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Why I love Google Voice

It’s taken me a few years to make the transition, but I’m really starting to love Google Voice.  If you’re not familiar with what Google Voice does, here’s  a quick intro:

Talk online

In the time since that video was created, one other huge feature was added — you can send/receive calls with no phone at all!  Just connect through your Gmail and you can talk to folks right on there using your computer microphone and speakers.  If you’ve spoken with me on the phone in the past few months, it’s almost certainly been on there.

Beyond that, there are a few other reasons I love it so much.  Ringing multiple phones doesn’t excite me too much, as I’m pretty much a cell-phone-only guy.  However, here are a few other things I really like about Google Voice.

Text from your computer

If someone sends me a text message, it goes to my phone and to the Google Voice page in my browser.  I use the Google Voice Chrome extension to notify me of any new texts or voicemails.  I can reply from the computer (full keyboard always beats a phone keyboard) and they all stay synced up.  If I leave the house in the middle of a text conversation, I can simply continue it from my phone without a hitch.

Voicemail Transcriptions

When someone leaves you a voicemail in Google Voice, it’s automatically transcribed and emailed to you, so you typically don’t have to waste time listening to it.  The transcriptions aren’t great, but usually adequate to get the point across.  Of course, it’s also fun to see what kind of mistakes their auto-transcription makes, such as the message below that actually started with “It’s your old granny…”:

The text is different shades of gray based on the confidence that Google has in the transcription of each word.  Those words at the beginning are light-colored to indicate that Google isn’t very confident that they’re correct.  Good call, Google.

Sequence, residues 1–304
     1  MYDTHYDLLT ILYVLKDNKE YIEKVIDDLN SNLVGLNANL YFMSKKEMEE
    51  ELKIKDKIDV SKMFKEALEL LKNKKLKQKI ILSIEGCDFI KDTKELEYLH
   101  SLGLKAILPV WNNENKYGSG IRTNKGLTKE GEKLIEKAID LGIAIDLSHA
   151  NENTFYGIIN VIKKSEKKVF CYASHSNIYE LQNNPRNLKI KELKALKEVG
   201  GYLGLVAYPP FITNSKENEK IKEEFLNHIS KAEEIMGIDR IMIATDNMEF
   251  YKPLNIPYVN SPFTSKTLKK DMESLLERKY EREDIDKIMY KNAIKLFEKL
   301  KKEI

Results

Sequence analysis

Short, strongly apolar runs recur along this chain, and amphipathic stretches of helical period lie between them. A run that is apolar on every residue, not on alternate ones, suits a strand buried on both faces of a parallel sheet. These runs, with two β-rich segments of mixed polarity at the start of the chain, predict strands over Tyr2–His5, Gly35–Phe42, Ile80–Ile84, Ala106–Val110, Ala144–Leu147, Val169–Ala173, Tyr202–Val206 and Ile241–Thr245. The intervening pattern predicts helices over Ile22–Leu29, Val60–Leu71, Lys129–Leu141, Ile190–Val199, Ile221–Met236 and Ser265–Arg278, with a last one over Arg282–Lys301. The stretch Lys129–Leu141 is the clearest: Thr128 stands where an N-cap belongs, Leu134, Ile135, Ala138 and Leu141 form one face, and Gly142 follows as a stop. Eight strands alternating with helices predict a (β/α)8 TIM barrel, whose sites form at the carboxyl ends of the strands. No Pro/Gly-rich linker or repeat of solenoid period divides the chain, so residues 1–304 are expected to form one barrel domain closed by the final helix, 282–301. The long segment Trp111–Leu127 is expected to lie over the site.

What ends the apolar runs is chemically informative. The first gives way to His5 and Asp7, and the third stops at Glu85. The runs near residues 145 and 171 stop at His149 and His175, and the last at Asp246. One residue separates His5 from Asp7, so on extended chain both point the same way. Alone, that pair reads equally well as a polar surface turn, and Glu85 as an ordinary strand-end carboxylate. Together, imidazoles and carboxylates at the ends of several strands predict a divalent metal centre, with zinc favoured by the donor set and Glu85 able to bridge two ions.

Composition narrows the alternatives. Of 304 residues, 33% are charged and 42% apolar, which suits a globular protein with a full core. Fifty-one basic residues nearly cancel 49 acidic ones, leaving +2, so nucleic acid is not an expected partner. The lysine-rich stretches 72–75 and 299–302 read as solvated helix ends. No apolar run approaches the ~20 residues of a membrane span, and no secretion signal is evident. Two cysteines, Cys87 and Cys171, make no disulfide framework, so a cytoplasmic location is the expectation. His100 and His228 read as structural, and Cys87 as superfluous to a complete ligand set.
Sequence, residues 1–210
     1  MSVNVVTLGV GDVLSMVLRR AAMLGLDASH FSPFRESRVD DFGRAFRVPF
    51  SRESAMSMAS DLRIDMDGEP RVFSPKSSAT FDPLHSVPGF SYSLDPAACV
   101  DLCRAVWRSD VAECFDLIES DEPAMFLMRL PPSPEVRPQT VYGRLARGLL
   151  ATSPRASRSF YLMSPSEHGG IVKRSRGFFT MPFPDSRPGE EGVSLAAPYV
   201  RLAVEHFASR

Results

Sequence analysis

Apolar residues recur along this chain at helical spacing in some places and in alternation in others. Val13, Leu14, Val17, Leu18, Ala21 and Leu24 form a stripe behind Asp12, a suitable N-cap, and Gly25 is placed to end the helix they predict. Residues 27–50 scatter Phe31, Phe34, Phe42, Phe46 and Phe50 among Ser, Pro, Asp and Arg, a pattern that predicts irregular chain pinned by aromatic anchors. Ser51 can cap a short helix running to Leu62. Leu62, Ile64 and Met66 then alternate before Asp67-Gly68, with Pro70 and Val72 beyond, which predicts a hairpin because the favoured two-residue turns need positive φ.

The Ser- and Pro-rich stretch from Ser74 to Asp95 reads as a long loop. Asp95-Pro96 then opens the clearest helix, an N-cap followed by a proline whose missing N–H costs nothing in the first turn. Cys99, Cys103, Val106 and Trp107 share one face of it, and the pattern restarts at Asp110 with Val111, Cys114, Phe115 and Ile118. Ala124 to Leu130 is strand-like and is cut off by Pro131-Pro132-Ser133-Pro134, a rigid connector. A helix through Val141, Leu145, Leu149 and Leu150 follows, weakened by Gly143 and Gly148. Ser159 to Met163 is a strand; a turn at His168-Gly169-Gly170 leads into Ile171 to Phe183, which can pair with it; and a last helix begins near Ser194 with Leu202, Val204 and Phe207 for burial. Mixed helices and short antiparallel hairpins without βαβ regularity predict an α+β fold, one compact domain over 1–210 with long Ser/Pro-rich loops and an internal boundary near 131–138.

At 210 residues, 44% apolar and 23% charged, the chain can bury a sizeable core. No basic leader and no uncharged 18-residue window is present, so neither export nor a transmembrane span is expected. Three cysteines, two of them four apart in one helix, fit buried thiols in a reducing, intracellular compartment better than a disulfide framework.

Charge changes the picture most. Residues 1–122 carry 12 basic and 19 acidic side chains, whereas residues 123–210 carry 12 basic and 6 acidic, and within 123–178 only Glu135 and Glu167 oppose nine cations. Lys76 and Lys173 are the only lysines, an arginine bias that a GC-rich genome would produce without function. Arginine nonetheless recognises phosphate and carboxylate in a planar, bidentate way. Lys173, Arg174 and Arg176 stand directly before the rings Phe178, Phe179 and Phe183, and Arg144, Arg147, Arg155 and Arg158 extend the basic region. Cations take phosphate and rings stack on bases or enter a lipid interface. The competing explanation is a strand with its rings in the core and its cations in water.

It works best on Android

While the latest updates to the iPhone app are quite solid, the best Google Voice experience can only be had on an Android-based phone.  Once you install it on there, you can tell it to pretty much take over and make every outbound call using your Google Voice number.

If you have an older cell phone, this is a problem.  People will call your Google Voice number and reach you, but when you call back they’ll see your normal cell number show up on their caller id.

Also, Google Voice now supports number porting (switch your current number to Google Voice, then get a new number for your cell), but it’s a good bit of work.

The downsides

There are really only two major downsides to Google Voice.

The first is simply the fact that it’s a new phone number and you need to get people to update their info for you.  I’ve done it very slowly over the past few years, as it hasn’t been much of a priority.  Now I’m working a bit harder to switch those last few stragglers over to my GV number.

The second is a bit more serious, but not a huge deal — Google Voice doesn’t support MMS (picture messages).  Not only that, but they don’t reject them properly either.  If someone sends you a picture message, it just evaporates.  You don’t get the message, and they don’t get a “failed to send” message or anything.

How about you?

Do you use Google Voice?  Thinking of giving it a try?

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Mickey Mellen

Co-Founder and Technical Director

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  1. I used to use GV before I moved and I don’t remember having to give out the new number. People just called the old number (which I prefered) and it forwarded the call to the GV number. Is this still an option?

    • Yep, it’ll still do that for you if you want. That’s how I started with mine as well. I’ve found the text messaging on it is great (because you can do it from your computer), but people obviously need to be using the GV number for that.

      Eventually I changed my business cards to the GV number, and now about 99% of my calls/texts come in to it.

  2. Love GV! Use it at work a ton. I use the “Phone to call with” option and select my work number (because I can’t use the built in speaker due to old version of Flash). Love this service to keep track of my calls for me. No more trying to remember who called when.

  3. I tried it once for calling from my computer to a landline number in the US. The connection was awful… although I had a very steady Internet connection, the called dropped several times and I couldn’t hear the other person…
    I prefer using the PC 2 Phone app from, they have better connections and low fees. I have been using them for quite a while now and I am very content.

  4. I have been using Google Voice for a while now. I don’t have a landline at home and I forward from Google Voice to my cellphone and or my work phone during the day. I also have messages forwarded to my e-mail. If something happened to my cell phone, I would not be out of commission thanks to Google.


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